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Spring and Threads: TaskExecutor

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Spring and Threads: TaskExecutor

When you're working on long-running tasks for a web app, don't forget about Spring's TaskExecutor to help manage your components.

· Java Zone
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Using threads in a web application is not unusual, especially when you have to develop long-running tasks.

Considering Spring, we must pay extra attention and use the tools it already provides, instead of spawning our own threads.

We want our threads to be managed by Spring and thus be able to use the other components of our application without any repercussions. We also want to shut down our application gracefully, without any work being in progress.

Spring provides the TaskExecutor as an abstraction for dealing with executors.

Spring’s TaskExecutor interface is identical to the java.util.concurrent.Executor interface.
There are a number of pre-built implementations of TaskExecutor included with the Spring distribution, and you can find more about them from the official documentation.

By providing your Spring environment with a TaskExecutor implementation, you will be able to inject the TaskExecutor to your beans and have access to managed threads.

package com.gkatzioura.service;

import org.springframework.beans.factory.annotation.Autowired;
import org.springframework.context.ApplicationContext;
import org.springframework.core.task.TaskExecutor;
import org.springframework.stereotype.Service;
import java.util.List;

/**
 * Created by gkatzioura on 4/26/17.
 */
@Service
public class AsynchronousService {

    @Autowired
    private ApplicationContext applicationContext;

    @Autowired
    private TaskExecutor taskExecutor;

    public void executeAsynchronously() {

        taskExecutor.execute(new Runnable() {
            @Override
            public void run() {
                //TODO add long running task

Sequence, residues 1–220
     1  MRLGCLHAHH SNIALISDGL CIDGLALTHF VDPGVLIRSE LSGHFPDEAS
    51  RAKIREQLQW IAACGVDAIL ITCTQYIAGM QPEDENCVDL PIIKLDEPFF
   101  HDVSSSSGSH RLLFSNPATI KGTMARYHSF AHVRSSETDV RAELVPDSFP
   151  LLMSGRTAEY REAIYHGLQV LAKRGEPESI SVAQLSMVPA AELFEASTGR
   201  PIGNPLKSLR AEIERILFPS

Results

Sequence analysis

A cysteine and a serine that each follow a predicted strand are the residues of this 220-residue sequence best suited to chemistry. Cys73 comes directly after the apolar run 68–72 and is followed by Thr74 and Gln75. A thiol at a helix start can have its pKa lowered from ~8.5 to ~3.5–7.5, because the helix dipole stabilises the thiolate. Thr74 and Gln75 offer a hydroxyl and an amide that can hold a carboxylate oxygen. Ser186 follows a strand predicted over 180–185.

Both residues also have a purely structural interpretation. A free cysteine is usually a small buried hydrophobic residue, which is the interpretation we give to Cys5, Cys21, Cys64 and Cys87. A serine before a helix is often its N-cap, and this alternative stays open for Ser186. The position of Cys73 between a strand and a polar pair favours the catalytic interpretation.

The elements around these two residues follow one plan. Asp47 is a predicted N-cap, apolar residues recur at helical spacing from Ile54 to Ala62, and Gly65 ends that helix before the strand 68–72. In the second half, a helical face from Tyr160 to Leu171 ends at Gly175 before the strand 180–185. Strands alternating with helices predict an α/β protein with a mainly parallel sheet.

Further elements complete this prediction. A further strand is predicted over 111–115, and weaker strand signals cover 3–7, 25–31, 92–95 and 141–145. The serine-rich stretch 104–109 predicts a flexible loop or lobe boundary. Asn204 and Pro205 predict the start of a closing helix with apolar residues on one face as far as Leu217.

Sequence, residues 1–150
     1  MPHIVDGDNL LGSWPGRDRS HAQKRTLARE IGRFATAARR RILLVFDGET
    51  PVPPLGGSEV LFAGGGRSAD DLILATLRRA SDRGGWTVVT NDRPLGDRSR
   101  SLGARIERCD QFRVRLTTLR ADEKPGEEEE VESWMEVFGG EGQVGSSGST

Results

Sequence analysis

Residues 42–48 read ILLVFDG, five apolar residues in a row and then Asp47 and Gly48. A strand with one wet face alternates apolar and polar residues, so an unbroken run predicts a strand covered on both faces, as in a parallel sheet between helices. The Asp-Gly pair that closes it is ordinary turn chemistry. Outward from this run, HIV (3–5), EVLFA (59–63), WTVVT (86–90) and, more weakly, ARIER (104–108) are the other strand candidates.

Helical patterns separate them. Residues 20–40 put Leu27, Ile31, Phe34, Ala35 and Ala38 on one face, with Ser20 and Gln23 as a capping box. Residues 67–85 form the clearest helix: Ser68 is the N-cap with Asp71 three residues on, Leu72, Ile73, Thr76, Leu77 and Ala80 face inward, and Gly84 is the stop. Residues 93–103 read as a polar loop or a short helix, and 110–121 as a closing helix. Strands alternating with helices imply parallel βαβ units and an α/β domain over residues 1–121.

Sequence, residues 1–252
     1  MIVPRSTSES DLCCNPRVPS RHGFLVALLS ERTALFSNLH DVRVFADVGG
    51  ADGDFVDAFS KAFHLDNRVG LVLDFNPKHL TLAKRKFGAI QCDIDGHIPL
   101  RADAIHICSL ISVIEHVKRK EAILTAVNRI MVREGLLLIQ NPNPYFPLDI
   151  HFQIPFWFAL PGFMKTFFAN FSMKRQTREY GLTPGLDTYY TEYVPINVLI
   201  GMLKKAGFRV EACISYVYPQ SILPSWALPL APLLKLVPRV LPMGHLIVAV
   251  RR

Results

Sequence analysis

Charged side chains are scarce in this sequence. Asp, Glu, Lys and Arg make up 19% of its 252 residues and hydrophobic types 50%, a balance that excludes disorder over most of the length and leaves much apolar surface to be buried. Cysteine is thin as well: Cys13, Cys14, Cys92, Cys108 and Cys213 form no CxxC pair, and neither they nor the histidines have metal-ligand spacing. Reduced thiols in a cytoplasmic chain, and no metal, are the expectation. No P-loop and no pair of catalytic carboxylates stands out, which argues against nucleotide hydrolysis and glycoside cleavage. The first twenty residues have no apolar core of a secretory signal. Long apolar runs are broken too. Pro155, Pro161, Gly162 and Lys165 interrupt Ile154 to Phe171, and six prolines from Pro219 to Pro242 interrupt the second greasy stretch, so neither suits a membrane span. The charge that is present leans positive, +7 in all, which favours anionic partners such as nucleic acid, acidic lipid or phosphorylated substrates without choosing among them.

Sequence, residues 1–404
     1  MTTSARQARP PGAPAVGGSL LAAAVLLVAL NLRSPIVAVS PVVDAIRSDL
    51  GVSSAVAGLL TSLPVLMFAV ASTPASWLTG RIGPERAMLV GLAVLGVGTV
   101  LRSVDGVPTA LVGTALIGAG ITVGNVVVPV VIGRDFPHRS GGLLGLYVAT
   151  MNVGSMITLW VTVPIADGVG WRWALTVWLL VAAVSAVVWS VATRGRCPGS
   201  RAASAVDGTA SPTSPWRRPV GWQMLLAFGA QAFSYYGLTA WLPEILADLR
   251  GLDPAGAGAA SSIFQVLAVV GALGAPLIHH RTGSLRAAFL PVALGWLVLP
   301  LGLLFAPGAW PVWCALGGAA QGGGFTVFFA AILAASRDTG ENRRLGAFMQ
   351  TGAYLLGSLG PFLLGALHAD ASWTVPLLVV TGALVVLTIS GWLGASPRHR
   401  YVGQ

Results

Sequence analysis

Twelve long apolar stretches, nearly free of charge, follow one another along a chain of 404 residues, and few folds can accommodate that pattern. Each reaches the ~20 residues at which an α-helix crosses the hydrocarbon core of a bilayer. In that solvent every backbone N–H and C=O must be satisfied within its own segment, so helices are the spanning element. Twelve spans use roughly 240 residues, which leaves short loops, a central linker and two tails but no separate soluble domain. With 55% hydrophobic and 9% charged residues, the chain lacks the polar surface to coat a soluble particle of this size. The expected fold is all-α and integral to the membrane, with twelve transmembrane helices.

}
        });
    }
}


The first step is to add the TaskExecutor configuration to our Spring application.

package com.gkatzioura.config;

import org.springframework.context.annotation.Bean;
import org.springframework.context.annotation.Configuration;
import org.springframework.core.task.TaskExecutor;
import org.springframework.scheduling.concurrent.ThreadPoolTaskExecutor;

import java.util.concurrent.Executor;

/**
 * Created by gkatzioura on 4/26/17.
 */
@Configuration
public class ThreadConfig {

    @Bean
    public TaskExecutor threadPoolTaskExecutor() {

        ThreadPoolTaskExecutor executor = new ThreadPoolTaskExecutor();
        executor.setCorePoolSize(4);
        executor.setMaxPoolSize(4);
        executor.setThreadNamePrefix("default_task_executor_thread");
        executor.initialize();

        return executor;
    }

}


Once we have our executor set up, the process is simple. We inject the executor to a Spring component and then we submit Runnable classes containing the tasks to be executed.

Since our asynchronous code might need to interact with other components of our application and have them injected, a nice approach is to create prototype scoped Runnable instances.

package com.gkatzioura;

import org.slf4j.Logger;
import org.slf4j.LoggerFactory;
import org.springframework.context.annotation.Scope;
import org.springframework.stereotype.Component;

/**
 * Created by gkatzioura on 10/18/17.
 */
@Component
@Scope("prototype")
public class MyThread implements Runnable {

    private static final Logger LOGGER = LoggerFactory.getLogger(MyThread.class);

    @Override
    public void run() {

        LOGGER.info("Called from thread");
    }
}


Then, we are ready to inject the executor to our services and use it to execute runnable instances.

package com.gkatzioura.service;

import com.gkatzioura.MyThread;
import org.springframework.beans.factory.annotation.Autowired;
import org.springframework.context.ApplicationContext;
import org.springframework.core.task.TaskExecutor;
import org.springframework.stereotype.Service;

import java.util.List;

/**
 * Created by gkatzioura on 4/26/17.
 */
@Service
public class AsynchronousService {

    @Autowired
    private TaskExecutor taskExecutor;

    @Autowired
    private ApplicationContext applicationContext;

    public void executeAsynchronously() {

        MyThread myThread = applicationContext.getBean(MyThread.class);
        taskExecutor.execute(myThread);
    }

}


In the next article, we will bring our multi-threaded codebase to a new level by using Spring’s asynchronous functions.

You can find the source code on GitHub.

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Topics:
java ,spring ,threads ,web app ,taskexecutor ,tutorial

Published at DZone with permission of Emmanouil Gkatziouras, DZone MVB. See the original article here.

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